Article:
Yoga for anxiety
I use yoga to help cope with my anxiety. I’m not the only one. If you also suffer from anxiety, here’s help to develop your own yoga practice to cope with anxiety.
Stress causes the following: trouble sleeping, irritability or anger, fatigue. Sound familiar? Common causes of stress include: money, work, family responsibilities, relationship issues, personal health concerns. Yes, Chelsey, but how can I cope with life’s stresses that causes my anxiety? So glad you asked. Here’s what my yoga studies has taught me:
When we suffer from anxiety, energetically, there’s an underlying imbalance. Anxiety means we’re too rajasic, which looks like: over excitement, manic, obsessive addiction, greed, selfish lust, and overactive. During these times, we need a slower yoga practice to counter these overwhelming feelings.
Begin your personal practice with
- Nadi Shodhana pranayama
- long holds in forward folds
- meditations that slow rhythms of thought
Yoga teaches us to live with intention. Change and intention go hand in hand, really. Especially if living with intention is a new concept for you. But no need to fret over not already being where you want to be. There is such beauty in being a beginner.
Yin yoga is great for sufferers of anxiety because it’s a slow practice. We’re giving ourselves the space and opportunity to experience the emotions that come up. Is there something that’s begging for our attention in order to realize a change is needed.
Yoga for anxiety: developing an at-home yin practice
Yin yoga poses are more passive, mainly on the floor. It’s so different because you’re asked to relax, soften the muscle, and move closer to the bone. Hold each pose for 3-10 minutes. This gets into the connective tissue. Connective tissue running throughout the body provides pathways for energy flows. It’s found in every bone, muscle, and organ. Mostly, though, it’s most concentrated in the joints and responds best to a slow steady load. When we hold poses for a long time, the body responds by making the connective tissue longer and stronger. If you don’t use full range of joint flexibility, the connective tissue slowly shortens.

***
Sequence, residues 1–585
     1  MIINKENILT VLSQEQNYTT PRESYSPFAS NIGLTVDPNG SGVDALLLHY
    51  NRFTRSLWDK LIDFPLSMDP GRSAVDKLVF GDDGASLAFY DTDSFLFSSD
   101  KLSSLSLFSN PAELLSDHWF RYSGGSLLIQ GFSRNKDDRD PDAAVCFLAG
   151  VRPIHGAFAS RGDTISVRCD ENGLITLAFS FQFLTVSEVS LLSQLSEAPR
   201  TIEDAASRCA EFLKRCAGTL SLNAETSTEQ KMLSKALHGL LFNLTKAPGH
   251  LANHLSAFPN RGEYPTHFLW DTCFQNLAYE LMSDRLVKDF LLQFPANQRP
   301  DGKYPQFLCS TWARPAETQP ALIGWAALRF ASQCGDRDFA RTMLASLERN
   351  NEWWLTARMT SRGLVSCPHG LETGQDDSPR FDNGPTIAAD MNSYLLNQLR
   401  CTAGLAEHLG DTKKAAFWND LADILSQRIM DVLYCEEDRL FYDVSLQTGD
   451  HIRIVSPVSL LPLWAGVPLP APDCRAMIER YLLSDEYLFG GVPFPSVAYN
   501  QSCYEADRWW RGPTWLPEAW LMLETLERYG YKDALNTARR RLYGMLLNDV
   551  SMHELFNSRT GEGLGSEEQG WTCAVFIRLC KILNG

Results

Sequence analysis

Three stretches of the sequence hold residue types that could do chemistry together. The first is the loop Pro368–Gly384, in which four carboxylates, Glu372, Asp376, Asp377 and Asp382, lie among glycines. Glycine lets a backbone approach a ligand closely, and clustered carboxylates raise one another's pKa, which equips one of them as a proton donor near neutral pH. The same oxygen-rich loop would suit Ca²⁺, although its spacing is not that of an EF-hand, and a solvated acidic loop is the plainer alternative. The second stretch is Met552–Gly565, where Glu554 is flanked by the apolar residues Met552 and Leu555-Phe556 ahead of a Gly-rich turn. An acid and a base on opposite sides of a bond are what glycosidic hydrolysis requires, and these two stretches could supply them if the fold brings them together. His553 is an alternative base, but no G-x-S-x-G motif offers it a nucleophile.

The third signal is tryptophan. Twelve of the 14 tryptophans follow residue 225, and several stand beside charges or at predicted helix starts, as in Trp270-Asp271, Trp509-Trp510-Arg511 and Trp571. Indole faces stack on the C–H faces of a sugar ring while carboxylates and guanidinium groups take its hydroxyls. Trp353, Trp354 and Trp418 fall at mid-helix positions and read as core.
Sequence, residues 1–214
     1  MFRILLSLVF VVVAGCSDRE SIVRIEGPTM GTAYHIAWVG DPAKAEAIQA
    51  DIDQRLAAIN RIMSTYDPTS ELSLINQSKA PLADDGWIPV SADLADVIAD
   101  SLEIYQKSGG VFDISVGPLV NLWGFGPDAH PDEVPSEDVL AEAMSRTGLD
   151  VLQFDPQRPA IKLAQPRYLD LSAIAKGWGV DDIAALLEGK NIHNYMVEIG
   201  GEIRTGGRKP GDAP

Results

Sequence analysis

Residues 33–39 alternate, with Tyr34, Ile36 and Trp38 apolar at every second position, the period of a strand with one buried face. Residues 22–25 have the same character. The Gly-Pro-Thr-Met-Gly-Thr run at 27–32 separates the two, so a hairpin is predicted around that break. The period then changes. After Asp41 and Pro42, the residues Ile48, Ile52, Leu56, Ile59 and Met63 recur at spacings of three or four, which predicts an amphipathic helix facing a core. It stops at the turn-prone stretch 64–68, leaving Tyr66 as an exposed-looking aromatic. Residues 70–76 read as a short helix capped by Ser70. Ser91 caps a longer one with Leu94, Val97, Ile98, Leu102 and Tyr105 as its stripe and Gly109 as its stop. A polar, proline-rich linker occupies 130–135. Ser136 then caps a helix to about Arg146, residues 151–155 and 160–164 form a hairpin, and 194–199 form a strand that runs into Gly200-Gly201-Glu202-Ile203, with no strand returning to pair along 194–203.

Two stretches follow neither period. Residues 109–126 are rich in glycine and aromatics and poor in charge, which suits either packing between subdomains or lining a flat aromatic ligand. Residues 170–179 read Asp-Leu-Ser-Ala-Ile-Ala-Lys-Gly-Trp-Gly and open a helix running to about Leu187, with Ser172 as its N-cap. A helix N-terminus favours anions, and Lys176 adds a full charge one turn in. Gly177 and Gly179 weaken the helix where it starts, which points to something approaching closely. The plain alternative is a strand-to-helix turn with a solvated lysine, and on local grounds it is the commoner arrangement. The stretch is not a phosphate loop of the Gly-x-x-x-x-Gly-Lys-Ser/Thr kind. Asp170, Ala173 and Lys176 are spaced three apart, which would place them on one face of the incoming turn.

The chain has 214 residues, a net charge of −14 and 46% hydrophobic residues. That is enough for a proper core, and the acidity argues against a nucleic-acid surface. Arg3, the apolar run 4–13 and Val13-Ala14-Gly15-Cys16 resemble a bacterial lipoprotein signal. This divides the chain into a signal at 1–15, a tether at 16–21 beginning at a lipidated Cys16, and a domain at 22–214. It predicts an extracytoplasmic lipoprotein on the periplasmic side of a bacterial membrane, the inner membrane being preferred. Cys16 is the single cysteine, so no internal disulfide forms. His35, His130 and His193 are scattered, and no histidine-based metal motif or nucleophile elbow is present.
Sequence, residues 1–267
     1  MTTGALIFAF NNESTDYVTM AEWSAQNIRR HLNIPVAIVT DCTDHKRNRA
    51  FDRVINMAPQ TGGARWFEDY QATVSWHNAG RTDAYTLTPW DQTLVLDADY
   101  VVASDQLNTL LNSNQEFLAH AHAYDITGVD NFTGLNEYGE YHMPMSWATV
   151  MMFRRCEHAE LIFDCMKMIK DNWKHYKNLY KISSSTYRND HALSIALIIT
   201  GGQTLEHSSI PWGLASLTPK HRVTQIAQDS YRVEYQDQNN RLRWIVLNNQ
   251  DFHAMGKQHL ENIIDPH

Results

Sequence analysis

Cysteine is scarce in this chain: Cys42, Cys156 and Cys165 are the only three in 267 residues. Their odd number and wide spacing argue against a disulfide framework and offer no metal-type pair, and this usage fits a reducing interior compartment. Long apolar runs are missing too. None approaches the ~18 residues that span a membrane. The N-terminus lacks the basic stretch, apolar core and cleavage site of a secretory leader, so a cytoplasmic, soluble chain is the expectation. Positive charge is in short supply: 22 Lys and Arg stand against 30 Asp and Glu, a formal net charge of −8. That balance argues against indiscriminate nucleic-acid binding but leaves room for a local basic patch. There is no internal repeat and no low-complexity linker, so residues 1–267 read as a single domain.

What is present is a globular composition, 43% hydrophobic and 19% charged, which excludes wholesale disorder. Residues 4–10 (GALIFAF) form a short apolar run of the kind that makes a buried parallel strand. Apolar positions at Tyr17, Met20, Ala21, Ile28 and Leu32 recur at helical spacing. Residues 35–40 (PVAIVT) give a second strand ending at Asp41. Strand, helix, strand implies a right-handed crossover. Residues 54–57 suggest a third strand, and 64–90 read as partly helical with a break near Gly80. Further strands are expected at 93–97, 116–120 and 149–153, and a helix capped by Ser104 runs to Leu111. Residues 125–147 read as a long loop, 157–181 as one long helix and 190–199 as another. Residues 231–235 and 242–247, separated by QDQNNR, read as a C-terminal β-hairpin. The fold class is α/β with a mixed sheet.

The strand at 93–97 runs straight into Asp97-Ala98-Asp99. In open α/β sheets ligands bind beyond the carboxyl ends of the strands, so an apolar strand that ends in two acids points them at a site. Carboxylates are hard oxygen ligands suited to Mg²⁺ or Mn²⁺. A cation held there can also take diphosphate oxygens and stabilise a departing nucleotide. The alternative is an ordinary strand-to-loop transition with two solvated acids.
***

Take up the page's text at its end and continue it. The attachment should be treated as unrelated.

Cool, cool. But what does that have to do with anxiety? Man, you’re full of good questions today! 🙂
Yin yoga practice requires us to be intimate with ourselves. It encourages us to be in tune with our feelings, sensations, and emotions. Ignoring all of those things is easy to do in a fast paced flow yoga practice. Yin is actually used in programs for addictions, eating disorders, anxiety, deep pain and trauma.
The recovery process begins when we start sitting still, alone, so we can listen to the sensations in our mind, body, and breath.
“Yoga is the perfect opportunity to be curious about who you are.” –Jason Crandell
Pranayama for panic/anxiety attacks
Breathe in for 4 seconds.
Hold 7 seconds.
Exhale for 8.
Repeat a couple times.
Benefits of a yin practice
- Calming, balancing to the mind and body
- Regulates energy in the body
- Increases mobility in the body, especially joints and hips
- Lowering stress levels
- Greater stamina
- Better lubrication and protection of joints
- More flexibility in joints and connective tissue
- Release of fascia throughout the body
- Helps with TMJ and migraines
- Deep relaxations
- Great for coping with anxiety and stress
- Better ability to sit for meditation
- A better yang practice
If you want help developing your own yin yoga practice, hit me up! I would love to help guide you as you begin to recover from your anxiety.